Reader Report: How to Buy Tickets for West Ham United

Paul Gerald · Profile
Reader Report: How to Buy Tickets for West Ham United

I get requests all the time from people looking to buy Premier League tickets.

Arrival at London Stadium on Derby Day!

Most often, they are focused on Liverpool, Man U, Arsenal and Chelsea. Sometimes, though, they just want to see some games, and are willing to move “downscale,” let’s say, to get tickets. Those top Premier League clubs can be hard to get tickets for.

In Steve’s case, he first wanted to go to an Arsenal game, but that one got moved for television purposes and he couldn’t make it. So he focused instead on West Ham United, a London club in the second tier of the Premier League — still there, just not big-time anymore, and they play in the beautiful London Stadium, left over from the 2012 Olympics.

Related: How to Buy Tickets for an Arsenal Game

I told him, as part of my consulting services, that hospitality for West Ham v Tottenham, a London derby, would be $210 per person. That’s a seat in the end plus a voucher for a London bus tour. I also told him that I managed to get West Ham tickets a couple of times direct from them, so he went to look into that.

I’ve been emailing the box office for West Ham for the 9/23 game.  They gave me the lo-down on how to get tickets.  Kinda complicated, frankly.  I was hoping they’d say something like “Hi, thanks for your interest, can’t do such and such, but CAN do such and such, how about ……”  That’s certainly how it works when you call NFL and NHL and MLB teams in the States.  I’ve done it plenty of times!  So, I’ll play the game and follow their instructions for now.  And see how it goes.

As Steve was finding out, buying Premier League tickets is a completely different ballgame from the States. But he persisted, and well, he scored! Here is what he had to say.

So we’ve secured tickets to the West Ham / Tot game next week.  Here’s how we did it.  West Ham slowly releases tickets via their ticket-exchange system, first only to full “members,” then to additional categories of nearly-full members, then potentially in the last few days before the game to the general public.  Their game tomorrow, for example, is open to the public.  Very few seats, maybe 10 or so in just two sections.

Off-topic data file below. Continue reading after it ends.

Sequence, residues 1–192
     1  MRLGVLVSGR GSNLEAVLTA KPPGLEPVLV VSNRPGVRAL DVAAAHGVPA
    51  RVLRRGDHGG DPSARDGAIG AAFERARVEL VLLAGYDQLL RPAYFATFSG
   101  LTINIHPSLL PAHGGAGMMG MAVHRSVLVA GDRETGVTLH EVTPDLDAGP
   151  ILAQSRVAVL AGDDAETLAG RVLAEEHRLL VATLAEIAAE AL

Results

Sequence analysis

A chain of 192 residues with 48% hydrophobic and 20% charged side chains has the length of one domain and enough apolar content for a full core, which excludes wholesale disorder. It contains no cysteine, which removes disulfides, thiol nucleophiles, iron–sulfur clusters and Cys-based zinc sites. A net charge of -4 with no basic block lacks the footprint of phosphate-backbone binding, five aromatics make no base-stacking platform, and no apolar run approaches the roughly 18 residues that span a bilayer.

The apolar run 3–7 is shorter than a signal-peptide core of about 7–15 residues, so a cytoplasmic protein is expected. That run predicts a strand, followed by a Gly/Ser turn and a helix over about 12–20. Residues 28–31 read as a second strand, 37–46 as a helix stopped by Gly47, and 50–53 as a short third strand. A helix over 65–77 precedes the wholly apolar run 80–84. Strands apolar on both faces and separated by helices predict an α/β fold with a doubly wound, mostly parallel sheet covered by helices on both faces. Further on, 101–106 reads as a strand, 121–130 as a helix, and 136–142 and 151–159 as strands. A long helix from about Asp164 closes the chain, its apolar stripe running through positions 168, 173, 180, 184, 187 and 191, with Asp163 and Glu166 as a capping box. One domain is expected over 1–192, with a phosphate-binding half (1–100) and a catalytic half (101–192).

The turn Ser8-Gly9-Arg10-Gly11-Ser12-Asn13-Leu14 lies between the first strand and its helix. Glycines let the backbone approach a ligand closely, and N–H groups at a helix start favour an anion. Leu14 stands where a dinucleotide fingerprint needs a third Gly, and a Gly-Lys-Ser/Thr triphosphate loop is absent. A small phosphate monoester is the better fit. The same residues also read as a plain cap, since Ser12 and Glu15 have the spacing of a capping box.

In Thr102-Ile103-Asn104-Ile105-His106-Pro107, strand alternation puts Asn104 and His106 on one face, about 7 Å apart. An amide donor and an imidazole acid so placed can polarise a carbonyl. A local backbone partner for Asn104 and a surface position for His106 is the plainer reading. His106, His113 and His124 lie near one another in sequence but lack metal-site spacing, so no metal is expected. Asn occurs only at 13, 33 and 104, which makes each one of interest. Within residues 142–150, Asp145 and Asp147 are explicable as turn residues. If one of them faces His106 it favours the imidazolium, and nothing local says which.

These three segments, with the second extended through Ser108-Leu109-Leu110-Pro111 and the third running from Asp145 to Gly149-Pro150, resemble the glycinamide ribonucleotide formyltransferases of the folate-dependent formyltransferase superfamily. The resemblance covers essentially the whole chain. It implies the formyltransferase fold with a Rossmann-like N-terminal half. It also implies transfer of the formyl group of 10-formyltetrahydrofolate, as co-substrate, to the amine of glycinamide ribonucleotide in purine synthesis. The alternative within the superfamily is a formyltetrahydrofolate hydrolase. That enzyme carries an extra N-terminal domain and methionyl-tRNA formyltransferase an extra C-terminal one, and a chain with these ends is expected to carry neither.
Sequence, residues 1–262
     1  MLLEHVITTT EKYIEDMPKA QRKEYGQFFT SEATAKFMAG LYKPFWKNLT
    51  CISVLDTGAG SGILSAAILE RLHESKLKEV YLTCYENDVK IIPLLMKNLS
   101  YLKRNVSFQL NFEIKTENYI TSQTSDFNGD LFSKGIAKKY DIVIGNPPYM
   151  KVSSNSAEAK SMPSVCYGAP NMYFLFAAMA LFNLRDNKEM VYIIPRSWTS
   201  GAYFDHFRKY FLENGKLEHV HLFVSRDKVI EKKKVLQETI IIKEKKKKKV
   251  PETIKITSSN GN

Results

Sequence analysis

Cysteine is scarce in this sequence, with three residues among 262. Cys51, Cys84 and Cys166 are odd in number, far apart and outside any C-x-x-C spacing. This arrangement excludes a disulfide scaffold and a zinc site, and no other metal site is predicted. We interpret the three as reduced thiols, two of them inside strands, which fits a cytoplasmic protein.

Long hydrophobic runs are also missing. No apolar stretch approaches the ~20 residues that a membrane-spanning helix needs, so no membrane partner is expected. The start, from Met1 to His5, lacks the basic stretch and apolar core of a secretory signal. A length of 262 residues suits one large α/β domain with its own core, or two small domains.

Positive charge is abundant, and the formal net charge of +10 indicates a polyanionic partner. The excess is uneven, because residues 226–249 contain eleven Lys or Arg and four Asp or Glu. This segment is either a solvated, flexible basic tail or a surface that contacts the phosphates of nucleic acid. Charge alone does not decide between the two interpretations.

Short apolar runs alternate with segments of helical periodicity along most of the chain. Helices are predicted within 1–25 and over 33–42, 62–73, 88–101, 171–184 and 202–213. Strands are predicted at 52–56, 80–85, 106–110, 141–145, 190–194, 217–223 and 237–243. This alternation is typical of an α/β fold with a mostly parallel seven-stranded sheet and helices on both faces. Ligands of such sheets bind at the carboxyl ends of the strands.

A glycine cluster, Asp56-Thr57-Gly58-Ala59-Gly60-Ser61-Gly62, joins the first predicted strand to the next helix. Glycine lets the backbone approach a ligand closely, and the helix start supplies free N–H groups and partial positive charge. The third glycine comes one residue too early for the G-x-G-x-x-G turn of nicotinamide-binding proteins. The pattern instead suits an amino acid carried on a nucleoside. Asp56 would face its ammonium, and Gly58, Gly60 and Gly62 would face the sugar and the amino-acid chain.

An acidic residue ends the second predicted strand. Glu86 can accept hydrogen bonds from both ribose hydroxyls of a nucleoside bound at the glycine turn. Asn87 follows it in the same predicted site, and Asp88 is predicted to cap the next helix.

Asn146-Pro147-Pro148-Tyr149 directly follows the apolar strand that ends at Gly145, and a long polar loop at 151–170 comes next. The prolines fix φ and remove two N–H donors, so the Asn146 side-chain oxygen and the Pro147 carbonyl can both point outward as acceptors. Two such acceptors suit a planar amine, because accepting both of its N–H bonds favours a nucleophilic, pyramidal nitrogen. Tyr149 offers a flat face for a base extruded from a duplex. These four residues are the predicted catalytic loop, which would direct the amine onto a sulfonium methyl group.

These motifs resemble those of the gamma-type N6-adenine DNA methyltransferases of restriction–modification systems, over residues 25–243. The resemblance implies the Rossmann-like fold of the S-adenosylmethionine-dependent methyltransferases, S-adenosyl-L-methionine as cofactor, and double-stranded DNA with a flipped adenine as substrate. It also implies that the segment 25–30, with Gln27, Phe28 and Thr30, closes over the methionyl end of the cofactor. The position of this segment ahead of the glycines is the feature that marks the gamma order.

View from Steve’s seats — $150 each with a membership.

I signed my son up for a junior membership, which allowed me access to view the available tickets.  Cost me roughly $45 US to get him that membership (it comes with perks, but let’s be honest, it was just to unlock the seating map).  Once in, I found that there were roughly 150-200 tickets being offered for sale by season ticket members, and the prices were £62-82 — waaaay less than the secondary markets.  And after a section by section search, I found 4 different sets of tickets that were side by side.

So…  I got myself a membership, then my son and I each purchased our one-per-member ticket in side-by-side seats.  Mid-field lower level, row 8, roughly $95 US.   Then my neighbor who also wants to go did the same exact thing, and purchased two side-by-side seats one section over, row 22, same price.

Steve’s neighbor got these for the same price!

We were about to purchase tickets on the very dark underground black market, 4 tickets (no specific seat details) from this unauthorized dealer which would have cost us approximately $475 US per pair.  Instead of worrying about the 3rd party underground reliability, and where the seats would be, we ended up getting 2 secured seats –good ones– through the team directly, total price, $307 US.  I’m THRILLED with this.

So yes, 4 of us are now West Ham members, which is kinda silly, but so what, we were on the brink of paying $240 a ticket not knowing where we’d be sitting, and now we have secure tickets at roughly $150 each.  I’m happy.

Happy fans.

As you should be, Steve! I told him he had cracked the code, but as is often the case, there are tickets around — you just have to know where to look.

Frankly, I was a bit surprised he got those tickets for a London derby. But the London Stadium is quite big, and West Ham aren’t doing that well at the moment. So this is an example of finding a “sweet spot” between the really big-time clubs and the lower-league clubs which can also be entertaining, but usually aren’t what the kids are looking for.

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This whole thing is a lesson in why I am doing this book and project: I want to help people have these experiences, and the world of English football can be a little confusing for us Yanks. Thus … all of this. Seeing folks like Steve have this kind of experience is what it’s all about for me.

Now, let’s celebrate by blowing some bubbles, West Ham United style!

Written By Paul Gerald
Paul Gerald, Owner and Founder of Groundhopper Soccer Guides · Profile
Paul is a traveler, writer, publisher and soccer freak. He started Groundhopper Soccer Guides as in 2014. When he's not kicking around England working on this site and his book, you can find him at Providence Park in Portland, cheering on the Portland Timbers.

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